Statistical Analysis

Divergence from Hardy-Weinberg equilibrium was tested using a chi-squared test. Parameters were compared between genotype groups using Kruskal-Wallis or Mann-Whitney tests (numerical data) or chi-squared test (qualitative data). Wilcoxon signed-rank test was used to assess significance of differences between two measurements. Multivariate analysis using General Linear Model (GLM) was performed with adjustments for gender, diabetes, age, BMI, equivalent dose and logarithmically transformed length of treatment. All statistical analyses were performed using Statistica (version 10, StatSoft Inc., Tulsa, Oklahoma, USA). Critical significance level was set at p = 0.05.

RESULTS

The genotype distribution of ABCB1:3435T>C conformed to Hardy-Weinberg equilibrium. Clinical/statin treatment characteristics are given in Table 1.

TABLE 1: Clinical characteristics of patients stratified according to ABCB1:3435T>C genotype.

Univariate analysis of lipid parameters gave T recessive (i.e. CC+CT vs. TT) significant genotype differences for HDL-C1, DHDL-C and DHDL-C%. While on average patients with CC+CT genotypes showed a percentage increase in HDL-C after statin treatment (+3.8%, calculated from CC and CT data together: +0.4%, CC; +5.5%, CT; Table 2), patients with genotype TT showed an average percentage decrease (-6.8%; Table 2). In the multivariate analysis with adjustments for gender, diabetes, age, BMI, equivalent dose and length of treatment this result remained significant: DHDL-C (p=0.036), DHDL-C% (p=0.023). High BMI was the second independent factor associated with HDL-C decrease during treatment. In univariate analysis HDL-C1 was significantly higher in TT than in CC+CT patients but this difference lost significance in multivariate analysis, where only male gender and presence of diabetes were independent factors associated with lower baseline HDL-C.

TABLE 2: Lipid parameters in patients according to ABCB1:3435T>C genotype.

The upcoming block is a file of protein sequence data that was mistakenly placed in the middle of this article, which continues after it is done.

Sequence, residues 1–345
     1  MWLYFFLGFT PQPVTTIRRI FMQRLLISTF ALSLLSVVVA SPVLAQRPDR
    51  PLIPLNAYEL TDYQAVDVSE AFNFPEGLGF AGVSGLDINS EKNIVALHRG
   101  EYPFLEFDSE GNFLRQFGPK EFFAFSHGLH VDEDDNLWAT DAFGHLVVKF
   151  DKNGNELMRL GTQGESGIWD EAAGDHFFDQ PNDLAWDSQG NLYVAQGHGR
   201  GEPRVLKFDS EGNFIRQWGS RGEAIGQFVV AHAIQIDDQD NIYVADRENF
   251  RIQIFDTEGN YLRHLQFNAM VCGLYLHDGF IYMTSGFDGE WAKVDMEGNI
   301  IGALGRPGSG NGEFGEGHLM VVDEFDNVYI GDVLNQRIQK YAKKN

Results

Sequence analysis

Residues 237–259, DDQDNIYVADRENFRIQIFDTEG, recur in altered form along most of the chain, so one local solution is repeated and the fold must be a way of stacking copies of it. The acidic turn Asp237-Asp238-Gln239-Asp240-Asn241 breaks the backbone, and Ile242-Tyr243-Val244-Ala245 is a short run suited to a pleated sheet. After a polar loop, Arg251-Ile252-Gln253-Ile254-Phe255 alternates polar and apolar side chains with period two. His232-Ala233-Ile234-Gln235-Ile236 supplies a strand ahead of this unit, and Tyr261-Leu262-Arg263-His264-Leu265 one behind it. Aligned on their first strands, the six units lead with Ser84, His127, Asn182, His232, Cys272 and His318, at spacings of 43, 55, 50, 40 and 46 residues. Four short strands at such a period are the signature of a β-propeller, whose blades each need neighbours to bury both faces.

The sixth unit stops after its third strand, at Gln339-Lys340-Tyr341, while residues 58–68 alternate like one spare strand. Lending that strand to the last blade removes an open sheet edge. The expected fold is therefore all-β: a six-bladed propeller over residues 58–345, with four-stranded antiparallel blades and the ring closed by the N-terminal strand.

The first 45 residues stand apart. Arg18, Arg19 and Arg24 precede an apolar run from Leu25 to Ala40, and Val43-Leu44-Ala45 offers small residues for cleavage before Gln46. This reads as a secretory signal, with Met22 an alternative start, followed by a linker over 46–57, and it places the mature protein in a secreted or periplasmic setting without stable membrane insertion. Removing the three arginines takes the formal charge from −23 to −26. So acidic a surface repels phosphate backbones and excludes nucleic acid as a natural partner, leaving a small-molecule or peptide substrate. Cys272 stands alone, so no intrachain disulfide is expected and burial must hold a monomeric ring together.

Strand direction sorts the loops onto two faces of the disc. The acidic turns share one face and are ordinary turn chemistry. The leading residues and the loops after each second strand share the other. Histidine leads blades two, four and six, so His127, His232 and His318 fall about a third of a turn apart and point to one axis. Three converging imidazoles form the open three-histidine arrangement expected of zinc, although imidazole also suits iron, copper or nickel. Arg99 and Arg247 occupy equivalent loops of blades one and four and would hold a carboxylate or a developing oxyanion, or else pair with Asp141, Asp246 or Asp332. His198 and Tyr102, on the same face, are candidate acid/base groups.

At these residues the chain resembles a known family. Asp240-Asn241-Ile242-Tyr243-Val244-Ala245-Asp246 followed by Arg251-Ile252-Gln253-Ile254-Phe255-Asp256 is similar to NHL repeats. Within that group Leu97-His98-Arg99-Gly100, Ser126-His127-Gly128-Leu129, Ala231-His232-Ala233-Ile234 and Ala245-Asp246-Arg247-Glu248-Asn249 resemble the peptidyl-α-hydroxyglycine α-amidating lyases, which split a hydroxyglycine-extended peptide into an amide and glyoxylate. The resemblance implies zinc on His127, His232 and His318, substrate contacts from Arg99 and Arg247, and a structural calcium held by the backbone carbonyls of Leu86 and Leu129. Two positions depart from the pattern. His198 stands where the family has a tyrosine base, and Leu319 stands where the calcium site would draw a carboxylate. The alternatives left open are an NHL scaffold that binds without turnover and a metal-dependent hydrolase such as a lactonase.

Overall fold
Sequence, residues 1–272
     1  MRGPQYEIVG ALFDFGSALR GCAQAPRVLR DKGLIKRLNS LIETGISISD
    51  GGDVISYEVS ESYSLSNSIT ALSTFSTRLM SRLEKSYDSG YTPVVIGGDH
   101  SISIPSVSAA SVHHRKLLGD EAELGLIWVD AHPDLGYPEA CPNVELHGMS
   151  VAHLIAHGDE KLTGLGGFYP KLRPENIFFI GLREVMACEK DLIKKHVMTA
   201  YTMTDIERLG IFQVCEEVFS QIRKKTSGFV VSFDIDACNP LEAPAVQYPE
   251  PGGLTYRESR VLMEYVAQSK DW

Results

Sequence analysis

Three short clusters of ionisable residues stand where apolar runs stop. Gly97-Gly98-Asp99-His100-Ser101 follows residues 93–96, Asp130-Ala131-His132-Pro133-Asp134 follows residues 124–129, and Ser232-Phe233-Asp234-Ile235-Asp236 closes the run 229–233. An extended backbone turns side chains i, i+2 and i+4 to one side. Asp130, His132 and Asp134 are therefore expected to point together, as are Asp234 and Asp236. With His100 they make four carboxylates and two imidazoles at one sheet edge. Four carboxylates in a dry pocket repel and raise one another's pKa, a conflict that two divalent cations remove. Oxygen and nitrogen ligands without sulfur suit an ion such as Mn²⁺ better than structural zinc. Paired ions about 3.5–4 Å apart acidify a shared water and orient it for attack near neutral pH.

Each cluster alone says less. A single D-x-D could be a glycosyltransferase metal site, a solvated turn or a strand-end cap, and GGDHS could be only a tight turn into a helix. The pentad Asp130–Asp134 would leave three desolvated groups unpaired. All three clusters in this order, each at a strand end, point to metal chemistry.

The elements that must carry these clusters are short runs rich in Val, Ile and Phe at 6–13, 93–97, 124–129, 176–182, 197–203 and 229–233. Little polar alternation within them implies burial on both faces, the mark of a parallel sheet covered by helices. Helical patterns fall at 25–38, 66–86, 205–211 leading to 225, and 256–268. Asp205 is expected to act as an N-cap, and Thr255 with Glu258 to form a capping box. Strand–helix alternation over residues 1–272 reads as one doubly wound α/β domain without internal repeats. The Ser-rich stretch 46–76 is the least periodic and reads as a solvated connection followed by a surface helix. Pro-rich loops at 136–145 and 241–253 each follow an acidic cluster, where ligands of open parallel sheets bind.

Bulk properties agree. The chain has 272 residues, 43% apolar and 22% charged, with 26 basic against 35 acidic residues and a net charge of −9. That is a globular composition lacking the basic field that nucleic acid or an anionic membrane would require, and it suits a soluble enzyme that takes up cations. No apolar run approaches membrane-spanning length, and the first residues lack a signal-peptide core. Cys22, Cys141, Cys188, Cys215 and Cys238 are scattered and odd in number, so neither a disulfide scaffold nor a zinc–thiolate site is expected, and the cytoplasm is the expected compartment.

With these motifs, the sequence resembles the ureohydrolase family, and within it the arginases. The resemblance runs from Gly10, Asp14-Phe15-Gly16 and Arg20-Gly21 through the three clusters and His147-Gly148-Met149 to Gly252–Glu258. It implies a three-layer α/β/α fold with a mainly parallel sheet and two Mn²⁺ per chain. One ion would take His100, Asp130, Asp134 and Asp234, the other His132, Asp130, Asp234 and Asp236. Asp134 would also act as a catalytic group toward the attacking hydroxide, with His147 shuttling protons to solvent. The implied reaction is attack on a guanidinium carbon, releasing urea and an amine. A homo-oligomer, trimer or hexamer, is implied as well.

Low-density-lipoprotein-cholesterol concentrations were estimated using the Friedewald formula [31], but no significant associations with ABCB1 genotype were found (data not shown). This means that the associations between ABCB1 genotype and Ch2, DCh and DCh% (significant only by multivariate analysis) might well be connected to associations between the ABCB1 genotype and HDL-C mentioned above, and are not discussed further. No significant differences were found with triglyceride concentrations.

DISCUSSION

Statins usually increase mean HDL-C concentrations very slightly: for example in the Collaborative Atorvastatin Diabetes Study (CARDS) study (2838 randomized patients; 68% men; 40 to 75 years of age; one year of treatment), an increase in mean HDL-C of 1.6% was found [32]. It is speculated, however, that this increase in HDL-C depends on initial concentrations, and with low initial HDL-C concentrations (<4 g/l), the mean increase in HDL-C due to statin treatment was found to range from 4.8% to 16% [33]. If baseline HDL-C concentrations of individuals were higher the increase was found to be less e.g. 1-2% or non-significant (from four studies listed in [33]). (Note that Ballantyne et al. [34] reported a net decrease in ApoA-I of 1.4% following 18 to 24 weeks of Atorvastatin treatment.) In line with the latter studies, in our study mean HDL-C baseline concentrations were >4 g/l for all groups and, overall, no significant change in HDL-C following statin treatment was found (-0.013 g/L; Table 2; Wilcoxon signed-rank test: p=0.27).